Prof Riefenstahl: Well, evidence shows that nowadays the money for artists is no longer in the streaming services, but in selling gig tickets and touring. And further studies have shown, that although people may be more interested in streaming the artist in the wake of their public condemnation, they become less willing to buy gig tickets.

TGS: Why do you think that is?

Prof. Riefenstahl: Well, attending an event in person like that is a much more public show of support for the artist and many people who are willing to press the stream button on their phones and in their bedrooms aren’t so willing to go out of their way to attend a physical event where the stigma of cancel culture is attached to that artist’s name. 

TGS: Interesting. Are there any other examples of this phenomenon of inflated popularity in the wake of condemnation in the press?

Prof. Riefenstahl: Oh definitely. It happens in almost every instance. Another recent example is the huge increase in streaming of Marilyn Manson’s music after accusations of abuse.

TGS: Now, that’s a different case to R. Kelly. Manson hasn’t been found guilty in any legal sense, unlike R. Kelly. At the moment, those are accusations.

Prof. Riefenstahl: Quite. And yet people have been incredibly quick to judge and convict, before the case has gone anywhere near court or trial. 

TGS: But in Manson’s case, it won’t go to a criminal trial, is that right?

Prof. Riefenstahl: Well, well, we simply don’t know what will happen with him yet.

Riefenstahl reclines in his chair with a handful of peanuts.

TGS: But surely the statute of limitations has expired on all the cases, meaning they can no longer be taken to a court of law?

Prof Riefenstahl: Well, it seems that the court is willing to accept Esme Bianco’s case. And we shall see what happens with Manson’s other accusers.

TGS: So what do you think that means for Manson’s fans and his music? He recovered from people blaming him for the Columbine high school shootings, didn’t he?

Riefenstahl: Well… do you think he’s going to recover?

TGS: I’m not sure – that’s why I’m asking you, Professor. 

Riefenstahl reaches into his fedora and pulls out a wriggling rodent. He feeds her – her name is apparently Julia – with some of the peanuts donated by Brian the bartender. I try to get Riefenstahl back on track after this, but it seems that Julia has completely distracted him.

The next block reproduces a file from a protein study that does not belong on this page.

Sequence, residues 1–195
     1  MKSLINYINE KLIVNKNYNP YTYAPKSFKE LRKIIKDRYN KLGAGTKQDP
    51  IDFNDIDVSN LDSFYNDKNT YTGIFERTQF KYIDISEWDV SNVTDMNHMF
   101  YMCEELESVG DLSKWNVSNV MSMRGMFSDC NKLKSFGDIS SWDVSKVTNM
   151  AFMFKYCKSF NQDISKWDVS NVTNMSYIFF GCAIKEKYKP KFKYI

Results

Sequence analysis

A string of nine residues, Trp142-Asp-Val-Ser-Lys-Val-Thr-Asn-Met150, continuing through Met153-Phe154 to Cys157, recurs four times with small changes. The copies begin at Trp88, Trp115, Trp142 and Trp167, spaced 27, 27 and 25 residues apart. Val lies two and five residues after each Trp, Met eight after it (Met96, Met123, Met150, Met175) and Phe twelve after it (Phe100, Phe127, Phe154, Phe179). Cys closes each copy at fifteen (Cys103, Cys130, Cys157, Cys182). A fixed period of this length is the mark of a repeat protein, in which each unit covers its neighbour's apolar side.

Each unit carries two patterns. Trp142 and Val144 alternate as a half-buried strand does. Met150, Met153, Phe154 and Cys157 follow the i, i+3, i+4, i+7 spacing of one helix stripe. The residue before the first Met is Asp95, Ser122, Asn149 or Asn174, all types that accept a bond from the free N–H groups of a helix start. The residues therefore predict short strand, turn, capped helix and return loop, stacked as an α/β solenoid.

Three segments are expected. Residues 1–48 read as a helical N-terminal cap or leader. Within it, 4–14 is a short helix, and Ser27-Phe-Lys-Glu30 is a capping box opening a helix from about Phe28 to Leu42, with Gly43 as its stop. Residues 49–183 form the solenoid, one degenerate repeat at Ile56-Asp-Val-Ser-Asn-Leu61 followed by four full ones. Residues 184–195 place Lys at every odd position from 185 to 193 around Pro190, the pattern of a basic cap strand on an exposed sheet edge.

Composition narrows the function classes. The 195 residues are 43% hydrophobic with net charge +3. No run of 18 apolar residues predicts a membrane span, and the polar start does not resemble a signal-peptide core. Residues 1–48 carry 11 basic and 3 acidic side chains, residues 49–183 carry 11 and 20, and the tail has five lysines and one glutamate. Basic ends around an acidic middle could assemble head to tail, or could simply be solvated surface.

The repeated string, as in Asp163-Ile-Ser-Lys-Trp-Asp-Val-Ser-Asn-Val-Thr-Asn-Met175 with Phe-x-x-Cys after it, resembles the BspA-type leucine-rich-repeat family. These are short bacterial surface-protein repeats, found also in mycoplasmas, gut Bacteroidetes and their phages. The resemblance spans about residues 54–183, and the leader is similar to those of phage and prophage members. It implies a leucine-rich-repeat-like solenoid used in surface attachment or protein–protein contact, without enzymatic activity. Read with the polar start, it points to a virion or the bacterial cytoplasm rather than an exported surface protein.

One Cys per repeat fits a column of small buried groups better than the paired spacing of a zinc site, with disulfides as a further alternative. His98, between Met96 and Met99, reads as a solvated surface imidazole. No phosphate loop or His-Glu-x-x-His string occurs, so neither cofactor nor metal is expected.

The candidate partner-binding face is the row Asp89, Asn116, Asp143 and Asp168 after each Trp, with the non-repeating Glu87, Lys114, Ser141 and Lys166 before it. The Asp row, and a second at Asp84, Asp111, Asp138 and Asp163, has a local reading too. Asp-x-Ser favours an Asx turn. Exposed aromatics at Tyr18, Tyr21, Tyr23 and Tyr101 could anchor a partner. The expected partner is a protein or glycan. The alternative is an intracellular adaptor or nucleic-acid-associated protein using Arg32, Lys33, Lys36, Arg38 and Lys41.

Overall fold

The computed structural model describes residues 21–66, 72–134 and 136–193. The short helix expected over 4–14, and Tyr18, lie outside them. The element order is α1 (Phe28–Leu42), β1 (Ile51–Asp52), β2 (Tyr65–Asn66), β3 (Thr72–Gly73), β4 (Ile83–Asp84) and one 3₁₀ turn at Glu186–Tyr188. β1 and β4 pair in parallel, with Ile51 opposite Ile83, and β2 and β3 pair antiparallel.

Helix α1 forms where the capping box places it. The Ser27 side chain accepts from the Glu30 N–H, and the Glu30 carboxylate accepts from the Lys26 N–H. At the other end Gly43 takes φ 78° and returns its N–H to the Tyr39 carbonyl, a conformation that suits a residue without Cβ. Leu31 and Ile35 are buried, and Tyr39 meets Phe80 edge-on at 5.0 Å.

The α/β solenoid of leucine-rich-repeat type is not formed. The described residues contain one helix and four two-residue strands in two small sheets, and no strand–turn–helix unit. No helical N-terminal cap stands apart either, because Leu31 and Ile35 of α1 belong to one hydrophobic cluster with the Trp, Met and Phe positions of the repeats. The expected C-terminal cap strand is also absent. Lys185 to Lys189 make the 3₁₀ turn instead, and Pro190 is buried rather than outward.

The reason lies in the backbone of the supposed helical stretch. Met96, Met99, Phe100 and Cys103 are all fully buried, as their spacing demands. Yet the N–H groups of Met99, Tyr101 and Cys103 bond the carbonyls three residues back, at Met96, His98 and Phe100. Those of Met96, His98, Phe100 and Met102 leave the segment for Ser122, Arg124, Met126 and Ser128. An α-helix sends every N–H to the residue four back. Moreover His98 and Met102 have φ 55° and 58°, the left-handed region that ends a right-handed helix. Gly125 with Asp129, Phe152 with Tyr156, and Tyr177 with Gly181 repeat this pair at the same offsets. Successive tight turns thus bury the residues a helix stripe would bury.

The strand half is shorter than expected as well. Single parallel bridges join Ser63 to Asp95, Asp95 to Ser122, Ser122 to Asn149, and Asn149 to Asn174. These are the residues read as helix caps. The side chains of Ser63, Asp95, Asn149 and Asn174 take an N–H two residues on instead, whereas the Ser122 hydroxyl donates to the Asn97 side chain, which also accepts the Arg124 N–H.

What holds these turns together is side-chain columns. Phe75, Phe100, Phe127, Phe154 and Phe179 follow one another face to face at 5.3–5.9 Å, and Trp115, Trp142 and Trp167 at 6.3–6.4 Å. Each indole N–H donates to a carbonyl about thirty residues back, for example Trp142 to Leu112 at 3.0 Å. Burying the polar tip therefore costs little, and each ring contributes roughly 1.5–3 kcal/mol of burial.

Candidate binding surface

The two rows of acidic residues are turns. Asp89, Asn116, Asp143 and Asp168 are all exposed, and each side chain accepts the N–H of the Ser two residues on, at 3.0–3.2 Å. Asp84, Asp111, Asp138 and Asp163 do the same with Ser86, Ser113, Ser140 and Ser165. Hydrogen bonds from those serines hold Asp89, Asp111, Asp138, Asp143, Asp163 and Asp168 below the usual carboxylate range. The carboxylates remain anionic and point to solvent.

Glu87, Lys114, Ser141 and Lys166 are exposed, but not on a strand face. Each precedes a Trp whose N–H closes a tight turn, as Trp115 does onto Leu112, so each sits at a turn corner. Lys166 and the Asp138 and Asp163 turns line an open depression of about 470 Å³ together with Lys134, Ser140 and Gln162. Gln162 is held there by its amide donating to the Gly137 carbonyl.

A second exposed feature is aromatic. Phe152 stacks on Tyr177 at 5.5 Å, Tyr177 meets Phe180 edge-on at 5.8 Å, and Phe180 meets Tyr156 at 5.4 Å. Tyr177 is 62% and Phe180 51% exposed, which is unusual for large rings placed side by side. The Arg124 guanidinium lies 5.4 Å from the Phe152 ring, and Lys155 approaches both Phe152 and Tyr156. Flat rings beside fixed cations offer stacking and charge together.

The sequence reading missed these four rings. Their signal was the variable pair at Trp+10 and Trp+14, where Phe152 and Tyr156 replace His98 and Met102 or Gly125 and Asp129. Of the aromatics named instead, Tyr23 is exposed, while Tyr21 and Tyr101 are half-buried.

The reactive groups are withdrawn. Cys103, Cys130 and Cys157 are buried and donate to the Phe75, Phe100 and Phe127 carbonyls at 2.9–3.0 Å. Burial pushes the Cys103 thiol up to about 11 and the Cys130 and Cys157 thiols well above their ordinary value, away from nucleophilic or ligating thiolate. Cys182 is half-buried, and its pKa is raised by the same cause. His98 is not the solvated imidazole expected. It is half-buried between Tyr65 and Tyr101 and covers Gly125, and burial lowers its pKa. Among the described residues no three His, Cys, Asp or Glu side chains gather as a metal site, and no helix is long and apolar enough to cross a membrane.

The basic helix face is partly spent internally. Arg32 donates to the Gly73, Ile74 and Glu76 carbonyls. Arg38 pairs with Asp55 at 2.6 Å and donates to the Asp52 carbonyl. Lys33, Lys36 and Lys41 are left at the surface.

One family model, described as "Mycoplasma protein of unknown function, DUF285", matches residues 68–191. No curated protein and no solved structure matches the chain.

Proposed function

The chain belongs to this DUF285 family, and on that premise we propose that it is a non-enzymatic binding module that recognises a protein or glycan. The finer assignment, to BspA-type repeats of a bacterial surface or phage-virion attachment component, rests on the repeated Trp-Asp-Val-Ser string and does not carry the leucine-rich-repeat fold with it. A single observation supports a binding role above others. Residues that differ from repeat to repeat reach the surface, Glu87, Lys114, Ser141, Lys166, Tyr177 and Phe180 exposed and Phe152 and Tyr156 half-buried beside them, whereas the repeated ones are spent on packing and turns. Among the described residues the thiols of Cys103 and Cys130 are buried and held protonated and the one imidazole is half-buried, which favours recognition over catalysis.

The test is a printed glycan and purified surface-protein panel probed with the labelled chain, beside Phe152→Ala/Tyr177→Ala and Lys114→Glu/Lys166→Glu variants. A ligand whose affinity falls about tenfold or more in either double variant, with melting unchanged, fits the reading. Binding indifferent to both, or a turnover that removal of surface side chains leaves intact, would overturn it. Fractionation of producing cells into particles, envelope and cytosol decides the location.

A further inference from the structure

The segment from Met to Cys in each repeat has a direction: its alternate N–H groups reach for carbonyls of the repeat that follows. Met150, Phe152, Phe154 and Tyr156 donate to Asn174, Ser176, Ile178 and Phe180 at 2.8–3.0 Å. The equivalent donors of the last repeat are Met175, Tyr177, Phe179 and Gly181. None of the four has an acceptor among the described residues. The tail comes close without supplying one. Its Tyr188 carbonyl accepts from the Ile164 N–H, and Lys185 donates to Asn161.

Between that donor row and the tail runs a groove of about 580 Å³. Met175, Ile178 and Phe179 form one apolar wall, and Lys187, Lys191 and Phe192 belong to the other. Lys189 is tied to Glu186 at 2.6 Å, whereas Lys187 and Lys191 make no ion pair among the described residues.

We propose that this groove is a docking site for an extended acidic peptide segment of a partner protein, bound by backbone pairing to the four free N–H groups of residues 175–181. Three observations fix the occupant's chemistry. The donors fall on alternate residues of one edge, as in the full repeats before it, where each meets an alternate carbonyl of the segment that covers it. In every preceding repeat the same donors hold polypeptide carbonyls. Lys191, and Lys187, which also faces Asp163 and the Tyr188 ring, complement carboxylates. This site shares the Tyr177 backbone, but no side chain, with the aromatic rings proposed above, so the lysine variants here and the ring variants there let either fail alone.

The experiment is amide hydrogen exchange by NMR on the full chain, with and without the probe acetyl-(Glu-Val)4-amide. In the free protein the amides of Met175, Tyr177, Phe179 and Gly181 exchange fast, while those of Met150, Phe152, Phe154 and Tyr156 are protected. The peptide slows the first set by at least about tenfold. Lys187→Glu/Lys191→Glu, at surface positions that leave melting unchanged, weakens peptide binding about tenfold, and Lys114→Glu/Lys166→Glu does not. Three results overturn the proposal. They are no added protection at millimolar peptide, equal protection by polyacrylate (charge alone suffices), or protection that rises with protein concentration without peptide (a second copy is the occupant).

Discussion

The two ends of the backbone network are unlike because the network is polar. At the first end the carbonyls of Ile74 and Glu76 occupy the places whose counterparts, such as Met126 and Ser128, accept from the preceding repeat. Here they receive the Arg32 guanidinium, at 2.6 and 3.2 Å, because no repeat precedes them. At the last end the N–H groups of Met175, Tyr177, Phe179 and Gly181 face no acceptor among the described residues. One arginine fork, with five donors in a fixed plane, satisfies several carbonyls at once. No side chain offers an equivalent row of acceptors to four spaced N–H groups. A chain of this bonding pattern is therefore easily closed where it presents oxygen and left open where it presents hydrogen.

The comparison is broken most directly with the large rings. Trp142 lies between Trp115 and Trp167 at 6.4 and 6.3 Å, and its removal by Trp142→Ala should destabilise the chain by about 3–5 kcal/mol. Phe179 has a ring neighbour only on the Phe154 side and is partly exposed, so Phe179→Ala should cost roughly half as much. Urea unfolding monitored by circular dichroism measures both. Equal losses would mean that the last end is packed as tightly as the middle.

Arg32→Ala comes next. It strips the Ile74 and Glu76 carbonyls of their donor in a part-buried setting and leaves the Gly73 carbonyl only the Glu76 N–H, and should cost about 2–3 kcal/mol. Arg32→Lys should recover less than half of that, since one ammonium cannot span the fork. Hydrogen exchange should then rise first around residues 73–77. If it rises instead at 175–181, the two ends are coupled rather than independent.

TGS: So boiling things down to the crux of our problems? Should we or shouldn’t we delete these artists from our playlists?

But Riefenstahl is irrevocably absorbed in petting Julia between her furry ears. I try coughing and ruffling my interview notes to remind my learned guest what he is here for, but from this point onwards I can get no further response from the charming Riefenstahl. (If he should read this interview – dear Riefenstahl, I very much enjoyed your company and would love to meet up again, but I must be honest here, and the truth of the matter is that you did answer no further questions and were indeed wholly unhelpful.) 

I gave it one last shot.

TGS: Professor – should we listen to or decry cancel culture? Should cancel culture itself be cancelled?

The unfortunate fact of the matter was that Professor Riefenstahl was no longer listening and had set up a ‘Peanut Race’ on the floor of The Royal Inn, pitting Julia against the resident one-eared mouse, who Brian informed us was called Michael. 

Ironically, I had to carry out the rest of the interview with myself in order to finish the article.

TGS: Perhaps, when you get to the heart of the matter, it is a question of whether you believe that the art does in fact belong to the artist. Once the art has been created and leaves the artist’s hands, it is its own being and belongs only to the person interacting with it. The artist is merely a vessel. Perhaps it shouldn’t matter where the music comes from – if we like it and it means something to us, we should be able to listen to it. Shouldn’t we?

At this point, Julia and Michael’s behaviour has become decidedly primitive. Riefenstahl is no longer bothered, however, as he is enjoying some much-needed rest on the rather sticky floor.  

The interview ends with Professor Riefenstahl being carried out the pub by the hefty Brian and bundled into the back of his car. I think Brian is taking Riefenstahl home, but it could be something more sinister. We’ll have to wait and see. 

Latest News

Explore learning tips, career advice, IMA updates and more.